BALTIMORE, Md. (March 20, 2019) - This week, the Army is holding its first dedicated industry forum to provide an update on Army mission command modernization efforts. More than 400 network military software, hardware and cyber providers are gathered for the Mission Command Industry Forum here to learn how their high-tech solutions and expertise could further the Army's goal to modernize the force.

"As the organization charged with developing, fielding and modernizing the Army's tactical network, we must also ensure the capabilities that run on the network are equally modern and network-compliant," said Maj. Gen. David Bassett, Program Executive Officer for Command, Control Communications-Tactical (PEO C3T). "That is why we continue to reach out to industry. We know they can help us rapidly insert new technologies into the network to help us defeat our peer adversaries in any environment."

PEO C3T is spearheading the event, along with the Army's Network-Cross Functional Team (N-CFT) with support from Army partners including the Mission Command Center of Excellence, U.S. Cyber Center of Excellence and the U.S. Army Combat Capabilities Development Command, or CCDC, Command, Control, Communications, Computers, Cyber, Intelligence, Surveillance and Reconnaissance, or C5ISR, Center.

The mission command event is one of many scheduled industry forums hosted by PEO C3T and N-CFT to provide industry partners with the information they require to respond quicker to critical emerging requirements with their innovative technology solutions.

"We are modernizing the tactical network across four [lines of effort] LOEs," said Maj. Gen. Gallagher, director of the N-CFT. "This week's event is specifically addressing LOE 2, the Common Operating Environment (COE), which will consolidate all warfighting capabilities onto common computing platforms in the dismounted, mounted, and command post environments to present an integrated common operating picture."

The event is providing an update on mission command implementation and modernization plans, with a focus on command post agility, and detailed sessions regarding a C4ISR/Electronic Warfare Modular Open Suite of Standards (CMOSS) and Cyber Situational Understanding (SU).

CMOSS is a suite of layered standards, developed by the C5ISR Center and now transitioning to Army programs, which converges hardware and software to enable communication components of military vehicles to share a common chassis. As such, CMOSS will enable the Army to insert emerging technologies as they become available and greatly reduce the size, weight and power issues.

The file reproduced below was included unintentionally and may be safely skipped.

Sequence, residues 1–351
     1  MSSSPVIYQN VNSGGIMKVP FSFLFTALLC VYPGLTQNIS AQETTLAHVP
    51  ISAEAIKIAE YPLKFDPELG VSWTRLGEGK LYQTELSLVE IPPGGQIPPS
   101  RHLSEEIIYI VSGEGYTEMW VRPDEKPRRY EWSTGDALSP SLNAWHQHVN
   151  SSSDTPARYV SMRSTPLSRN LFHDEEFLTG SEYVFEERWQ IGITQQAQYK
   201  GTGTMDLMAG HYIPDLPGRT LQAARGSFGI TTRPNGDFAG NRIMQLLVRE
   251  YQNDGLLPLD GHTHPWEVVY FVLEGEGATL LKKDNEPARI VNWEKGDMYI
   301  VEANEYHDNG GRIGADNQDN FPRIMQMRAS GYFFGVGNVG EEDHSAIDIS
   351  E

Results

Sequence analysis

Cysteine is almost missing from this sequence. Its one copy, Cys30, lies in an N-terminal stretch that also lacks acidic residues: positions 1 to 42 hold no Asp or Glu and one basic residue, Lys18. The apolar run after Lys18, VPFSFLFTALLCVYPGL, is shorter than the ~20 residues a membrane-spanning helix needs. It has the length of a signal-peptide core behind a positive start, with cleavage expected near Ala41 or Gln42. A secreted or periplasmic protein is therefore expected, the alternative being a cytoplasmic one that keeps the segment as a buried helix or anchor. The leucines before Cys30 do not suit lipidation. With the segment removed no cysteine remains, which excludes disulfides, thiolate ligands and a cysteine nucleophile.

"We're building a path for the acquisition community within mission command, electronic warfare and tactical radios," said Jason Dirner, an electronics engineer for the C5ISR Center. "A growing number of vendors are producing CMOSS-compliant software cards that can be integrated into vehicles. Our efforts are aiming to standardize the guidelines that all vendors can work to."

PEO C3T's Cyber SU program, recently established to aid operational units' understanding of the tactical network threat environment, is rounding out the program with an introduction to its plans to synchronize and integrate cyber electromagnetic activities in multi-domain battle.

Mission command modernization efforts are adhering to an acquisition strategy that utilizes capability sets to deliver capabilities to the force every two years, starting in 2021. The N-CFT informs this strategy based on experimentation, demonstration and direct feedback from operational units and Soldiers.

The Army is using a proven industry practice called developmental operations (DevOps), which places developers side-by-side with Soldiers and commanders in operational units and enables the Army to evaluate potential technology concepts and solutions earlier and more frequently.

"By stepping away from prescriptive requirements and incrementally developing and fielding, we're able to keep pace with the threat environment and technology trends," Gallagher said.

PEO C3T is supporting the Army's network modernization strategy and the mission command efforts aligned to this strategy to enable Soldiers to prepare, fight and win against any adversary in the most challenging contested and congested electromagnetic spectrum and cyber environments.

"We must remain steadfast, yet agile to ensure the Army achieves its modernization goals," Bassett said. "We brought you here to better understand the 'why' of network modernization. We want you to help us shape the 'what' and bring us a dialogue on the 'how' for options to modernize the network."
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The U.S. Army Program Executive Office Command, Control and Communications-Tactical develops, acquires, fields and supports the Army's mission command network to ensure force readiness. This critical Army modernization priority delivers tactical communications so commanders and Soldiers can stay connected and informed at all times, even in the most austere and hostile environments. PEO C3T is delivering the network to regions around the globe, enabling high-speed, high-capacity voice, data and video communications to a user base that includes the Army's joint, coalition and other mission partners.